religious education, again
By Diogenes ( articles ) | May 29, 2006
Cardinal Mahony's in-house lawyer Sr. Judy Murphy once memorably referred to the Los Angeles Lay Catholic Mission as "that off the wall right wing throw-away newspaper" -- this in an e-mail she wished had never come to light. The June issue of that right wing throwaway has two articles on L.A.'s Religious Education Congress, neither of which is likely to win Sr. Judy's admiration. The first is from the pen of Donna Steichen; a second was written by Allyson Smith. An excerpt from Steichen:
Modestly launched in the 1950s to educate catechists to teach the Faith more effectively, the congress had already begun a downward spiral by 1987, when the Confraternity of Christian Doctrine (CCD) office was renamed the "Office of Religious Education." Believers assumed the change merely recognized that Catholic living demands more than rote memorization of doctrine. Instead, it turned out to mean that local catechetical leaders had joined a national movement toward a doctrine-free, "experiential catechesis" apparently intended to turn Catholic teachers into ecclesial revolutionaries.
To the catechists' dismay -- and, for a different reason, to ours -- the masses that are revolting are the wrong sort. Allyson Smith has a very lucid account of the REC's reaction to the November Instruction, but she also listens in while Bishop Trautman yuks it up on the liturgy.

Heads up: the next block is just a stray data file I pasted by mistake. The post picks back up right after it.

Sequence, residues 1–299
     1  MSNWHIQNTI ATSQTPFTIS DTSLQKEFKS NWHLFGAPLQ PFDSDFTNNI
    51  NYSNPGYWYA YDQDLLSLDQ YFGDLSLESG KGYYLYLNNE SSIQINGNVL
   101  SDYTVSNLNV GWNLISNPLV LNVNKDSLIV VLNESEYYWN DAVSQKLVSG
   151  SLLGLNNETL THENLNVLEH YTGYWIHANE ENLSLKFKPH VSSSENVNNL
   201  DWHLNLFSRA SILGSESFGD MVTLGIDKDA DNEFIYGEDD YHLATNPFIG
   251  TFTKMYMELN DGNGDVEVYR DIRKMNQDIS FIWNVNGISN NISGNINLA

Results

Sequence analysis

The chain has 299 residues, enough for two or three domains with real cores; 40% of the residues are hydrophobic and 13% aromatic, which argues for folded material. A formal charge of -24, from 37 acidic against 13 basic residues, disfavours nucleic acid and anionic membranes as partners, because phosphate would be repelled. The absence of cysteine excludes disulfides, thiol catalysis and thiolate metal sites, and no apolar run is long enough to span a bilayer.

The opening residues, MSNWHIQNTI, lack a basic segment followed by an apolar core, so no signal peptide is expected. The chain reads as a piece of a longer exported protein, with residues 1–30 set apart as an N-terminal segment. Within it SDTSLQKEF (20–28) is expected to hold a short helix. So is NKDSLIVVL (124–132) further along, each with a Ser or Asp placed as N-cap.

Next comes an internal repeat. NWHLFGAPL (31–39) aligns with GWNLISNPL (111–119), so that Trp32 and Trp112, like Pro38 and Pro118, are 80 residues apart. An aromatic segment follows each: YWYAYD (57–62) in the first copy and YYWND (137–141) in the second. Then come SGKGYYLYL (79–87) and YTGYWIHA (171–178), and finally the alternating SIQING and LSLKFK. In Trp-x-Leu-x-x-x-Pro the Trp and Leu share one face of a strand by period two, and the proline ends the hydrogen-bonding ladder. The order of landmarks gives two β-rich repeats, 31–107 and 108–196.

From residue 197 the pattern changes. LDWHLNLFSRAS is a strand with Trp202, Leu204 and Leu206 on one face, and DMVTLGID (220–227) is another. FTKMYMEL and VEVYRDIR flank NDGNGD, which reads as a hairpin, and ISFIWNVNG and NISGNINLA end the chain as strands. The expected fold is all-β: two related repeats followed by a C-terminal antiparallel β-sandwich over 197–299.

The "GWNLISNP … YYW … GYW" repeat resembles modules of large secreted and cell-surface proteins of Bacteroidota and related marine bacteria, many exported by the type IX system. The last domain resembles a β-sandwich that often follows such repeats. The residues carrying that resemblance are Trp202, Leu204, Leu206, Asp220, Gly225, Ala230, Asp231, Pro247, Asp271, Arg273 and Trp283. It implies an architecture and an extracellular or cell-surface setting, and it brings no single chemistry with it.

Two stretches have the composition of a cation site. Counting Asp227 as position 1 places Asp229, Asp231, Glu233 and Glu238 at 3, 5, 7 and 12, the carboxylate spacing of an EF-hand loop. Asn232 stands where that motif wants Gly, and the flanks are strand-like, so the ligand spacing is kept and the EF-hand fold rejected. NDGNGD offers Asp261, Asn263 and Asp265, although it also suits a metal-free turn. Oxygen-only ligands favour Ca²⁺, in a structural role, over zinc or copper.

Commenting on a proposed change to the first Eucharistic Prayer (the "Roman Canon") -- "grant them, O Lord, we pray, and all who sleep in Christ, a place of refreshment, light, and peace," Trautman drew audience laughter when he quipped, "the phrase, 'a place of refreshment,' is a literal translation that conveys the image of a heavenly spa or tap room at the heavenly hotel."...
Alluding apparently to defecation, the bishop garnered more audience guffaws when he recited the following proposed translation for Eucharistic Prayer II: "make holy these gifts, we pray, by the dew of your Spirit -- D-E-W."
It's not hard to see why invitations were extended to the crowd-pleasers.
The REC itself has morphed into a very peculiar hybrid. There's the 1970s revival dimension, as seen in Call To Action personalities like Edwina Gately and Michael Crosby, who are still fighting with Mother Superior for the right to listen to Simon & Garfunkle LPs. Then there are the bemused RE teachers in attendance, with their complimentary pocket folders pressed to the chest, who look like they've walked into a Mardi Gras party by mistake. And finally there are the younger, angrier presenters for whom it's another chance to talk about Alternative Sexualities. What Steichen and Smith clearly convey is the smugness of self-satisfied naughtiness that seems to be the principal amusement for the folks who organize and animate the REC. If Mother Perpetua could see us now ...!
REC 1999: Closing Liturgy
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